Diabetes and Oral Health

According to the American Diabetes Association, during the past 10 years, much research has been undertaken on the link between diabetes and periodontal disease. Periodontal (gum) disease is the sixth leading complication of diabetes. If you have been diagnosed with diabetes, you are 3 to 4 times more likely to develop periodontal disease, with a higher rate of more severe levels of bone loss and gum infection.

Diabetes is a serious disease in which the body does not produce or properly use insulin, a hormone needed to convert sugar, starches, and other foods into energy. Normally, insulin helps get sugar from the blood to the body’s cells, where it is used for energy. When you have diabetes, your body has trouble making and/or producing insulin, so your body does not get the fuel it needs and your blood sugar stays too high. High blood sugar sets off processes that can lead to complications, such as heart, kidney, and eye disease, or other serious problems.

What Is Periodontal Disease?

Periodontal disease, or gum disease, is a bacterial infection of the gums, ligaments, and bone that support your teeth and hold them in the jaw. If left untreated, you may experience tooth loss. The main cause of periodontal disease is bacterial plaque, a sticky, colorless microbial film that constantly forms on your teeth. Toxins (or poisons) produced by the bacteria in plaque irritate the gums, causing infection.

It’s a two way street!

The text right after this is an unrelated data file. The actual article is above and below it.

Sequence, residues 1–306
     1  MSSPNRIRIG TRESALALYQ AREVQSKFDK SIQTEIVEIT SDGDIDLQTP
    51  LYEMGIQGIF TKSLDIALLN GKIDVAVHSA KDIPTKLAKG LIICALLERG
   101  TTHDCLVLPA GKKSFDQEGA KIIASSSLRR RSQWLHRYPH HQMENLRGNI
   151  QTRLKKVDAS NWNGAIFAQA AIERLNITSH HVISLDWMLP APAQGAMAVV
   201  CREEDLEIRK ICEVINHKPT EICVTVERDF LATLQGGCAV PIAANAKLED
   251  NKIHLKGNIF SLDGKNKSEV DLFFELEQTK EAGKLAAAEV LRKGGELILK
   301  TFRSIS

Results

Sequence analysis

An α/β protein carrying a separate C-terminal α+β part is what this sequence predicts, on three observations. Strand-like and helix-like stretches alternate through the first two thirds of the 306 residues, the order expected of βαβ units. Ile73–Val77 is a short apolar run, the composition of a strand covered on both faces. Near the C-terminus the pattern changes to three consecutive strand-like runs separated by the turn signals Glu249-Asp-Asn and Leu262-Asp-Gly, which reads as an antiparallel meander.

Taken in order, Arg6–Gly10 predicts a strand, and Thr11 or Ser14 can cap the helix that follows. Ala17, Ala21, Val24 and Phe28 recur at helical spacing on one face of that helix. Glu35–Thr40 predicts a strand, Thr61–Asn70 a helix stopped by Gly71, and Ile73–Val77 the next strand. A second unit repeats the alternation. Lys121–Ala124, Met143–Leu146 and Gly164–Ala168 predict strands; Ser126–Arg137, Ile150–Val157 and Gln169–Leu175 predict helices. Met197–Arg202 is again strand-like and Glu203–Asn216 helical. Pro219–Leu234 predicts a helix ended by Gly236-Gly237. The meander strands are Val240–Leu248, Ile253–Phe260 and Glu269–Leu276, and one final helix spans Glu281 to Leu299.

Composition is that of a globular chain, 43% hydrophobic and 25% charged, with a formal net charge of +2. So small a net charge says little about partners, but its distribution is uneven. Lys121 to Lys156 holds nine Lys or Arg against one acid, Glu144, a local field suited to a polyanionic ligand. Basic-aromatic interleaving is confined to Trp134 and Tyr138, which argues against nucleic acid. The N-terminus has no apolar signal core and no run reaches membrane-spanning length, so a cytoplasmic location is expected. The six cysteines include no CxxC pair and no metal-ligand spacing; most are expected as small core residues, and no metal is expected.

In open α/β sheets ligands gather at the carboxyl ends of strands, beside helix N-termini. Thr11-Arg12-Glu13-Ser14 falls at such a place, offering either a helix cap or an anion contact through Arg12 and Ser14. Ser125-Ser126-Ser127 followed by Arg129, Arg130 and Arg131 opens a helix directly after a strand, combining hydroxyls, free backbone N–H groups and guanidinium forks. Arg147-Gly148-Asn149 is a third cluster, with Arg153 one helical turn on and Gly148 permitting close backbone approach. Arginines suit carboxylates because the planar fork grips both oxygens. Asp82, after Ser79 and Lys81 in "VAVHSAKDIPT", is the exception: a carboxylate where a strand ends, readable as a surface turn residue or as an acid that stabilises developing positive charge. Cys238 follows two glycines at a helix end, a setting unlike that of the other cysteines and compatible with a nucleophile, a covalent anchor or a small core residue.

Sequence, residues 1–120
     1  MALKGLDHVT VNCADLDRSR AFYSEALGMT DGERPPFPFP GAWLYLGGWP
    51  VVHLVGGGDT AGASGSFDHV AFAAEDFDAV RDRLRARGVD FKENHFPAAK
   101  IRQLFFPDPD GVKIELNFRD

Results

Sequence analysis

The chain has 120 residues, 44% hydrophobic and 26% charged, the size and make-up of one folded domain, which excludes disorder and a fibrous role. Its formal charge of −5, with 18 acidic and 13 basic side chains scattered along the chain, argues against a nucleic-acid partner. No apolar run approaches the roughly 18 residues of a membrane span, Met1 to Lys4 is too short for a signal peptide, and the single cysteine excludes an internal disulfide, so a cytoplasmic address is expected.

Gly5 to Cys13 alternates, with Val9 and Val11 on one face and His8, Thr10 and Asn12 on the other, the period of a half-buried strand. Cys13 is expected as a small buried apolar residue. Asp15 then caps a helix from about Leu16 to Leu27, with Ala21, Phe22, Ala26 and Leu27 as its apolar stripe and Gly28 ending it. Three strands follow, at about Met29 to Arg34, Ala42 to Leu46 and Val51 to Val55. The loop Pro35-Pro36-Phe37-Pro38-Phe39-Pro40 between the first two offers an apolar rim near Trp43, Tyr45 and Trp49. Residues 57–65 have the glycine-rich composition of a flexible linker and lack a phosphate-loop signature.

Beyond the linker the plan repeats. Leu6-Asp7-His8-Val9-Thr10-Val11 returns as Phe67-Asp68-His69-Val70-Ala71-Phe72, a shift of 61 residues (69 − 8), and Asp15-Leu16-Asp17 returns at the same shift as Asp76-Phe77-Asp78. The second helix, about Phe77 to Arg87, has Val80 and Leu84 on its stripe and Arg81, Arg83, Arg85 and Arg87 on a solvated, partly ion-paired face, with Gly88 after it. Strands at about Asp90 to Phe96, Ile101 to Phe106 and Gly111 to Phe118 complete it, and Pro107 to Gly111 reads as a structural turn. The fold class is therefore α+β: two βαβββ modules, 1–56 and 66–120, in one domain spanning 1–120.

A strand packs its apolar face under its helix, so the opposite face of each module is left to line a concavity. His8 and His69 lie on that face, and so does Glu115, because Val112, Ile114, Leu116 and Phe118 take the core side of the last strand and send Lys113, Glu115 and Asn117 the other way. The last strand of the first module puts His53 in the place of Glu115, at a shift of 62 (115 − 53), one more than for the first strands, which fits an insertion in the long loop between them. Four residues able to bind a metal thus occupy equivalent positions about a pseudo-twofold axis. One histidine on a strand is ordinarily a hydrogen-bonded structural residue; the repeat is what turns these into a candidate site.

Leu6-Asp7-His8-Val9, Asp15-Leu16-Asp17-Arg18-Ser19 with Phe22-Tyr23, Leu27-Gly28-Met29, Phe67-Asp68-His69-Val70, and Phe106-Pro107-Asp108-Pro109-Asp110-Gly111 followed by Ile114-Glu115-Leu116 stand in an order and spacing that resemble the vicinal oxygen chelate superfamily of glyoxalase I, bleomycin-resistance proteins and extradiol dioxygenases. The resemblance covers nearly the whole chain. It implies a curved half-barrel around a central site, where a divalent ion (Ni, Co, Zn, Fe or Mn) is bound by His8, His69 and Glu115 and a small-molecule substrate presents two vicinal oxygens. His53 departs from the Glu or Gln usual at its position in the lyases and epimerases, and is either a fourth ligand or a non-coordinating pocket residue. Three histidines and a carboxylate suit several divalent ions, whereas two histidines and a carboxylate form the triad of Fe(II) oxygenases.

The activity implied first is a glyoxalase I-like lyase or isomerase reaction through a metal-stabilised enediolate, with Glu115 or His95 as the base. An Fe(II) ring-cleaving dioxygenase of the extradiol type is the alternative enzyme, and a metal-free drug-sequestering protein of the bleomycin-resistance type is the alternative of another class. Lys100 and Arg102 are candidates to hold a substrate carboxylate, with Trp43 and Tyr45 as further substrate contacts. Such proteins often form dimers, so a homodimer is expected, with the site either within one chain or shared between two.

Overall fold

Not only are people with diabetes more susceptible to serious gum disease, but serious gum disease may have the potential to affect blood glucose control and contribute to the progression of diabetes.  Periodontal disease may increase the risk of diabetes, heart disease, and dementia.

The Link Between Periodontal Disease and Diabetes

Diabetic Control: Gum disease is linked to blood glucose control. People with poor blood sugar control get gum disease more often, more severely and they tend to lose more teeth due to bone loss.

Blood Vessel Changes: Blood vessels deliver oxygen and nourishment to body tissues, including the mouth, and carry away the tissues’ waste product. Diabetes causes blood vessels to thicken, which slows the flow of nutrients and the removal of harmful wastes, increasing the risk of gum infection.

• Bacteria: Many kinds of bacteria thrive on sugars, including glucose – the sugar linked to diabetes. When diabetes is poorly controlled, high glucose levels in saliva enable germs to grow and set the stage for gum disease.

• Smoking: A smoker with diabetes, age 45 or older, is 20x more likely to get severe gum disease.

Warning Signs of Periodontal Disease

• Red and swollen gums that bleed often during brushing or flossing and are tender to the touch
• Gums that have pulled away from the teeth, exposing the roots
• Milky white or yellowish plaque deposits, which are usually heaviest between the teeth
• Pus between the teeth and gums accompanied by tenderness or swelling in the gum area
• A consistent foul, offensive odor from the mouth

How Can I Help Prevent Dental Problems Associated with Diabetes?

  • First and foremost, control your blood glucose level. 
  • Take good care of your teeth and gums on a daily basis.
  • Be sure to be seen for your regular dental checkups every six months.
  • To control thrush, a fungal infection, maintain good diabetic control, avoid smoking and, if you wear them, remove and clean dentures daily. Good blood glucose control can also help prevent or relieve dry mouth caused by diabetes.

People with diabetes have special needs and your dentist and hygienist are equipped to meet those needs—with your help! Keep your dentist and hygienist informed of any changes in your condition and any medication you might be taking. Postpone any non-emergency dental procedures if your blood sugar is not in good control.

Schedule an appointment today with one of our Dental Professionals!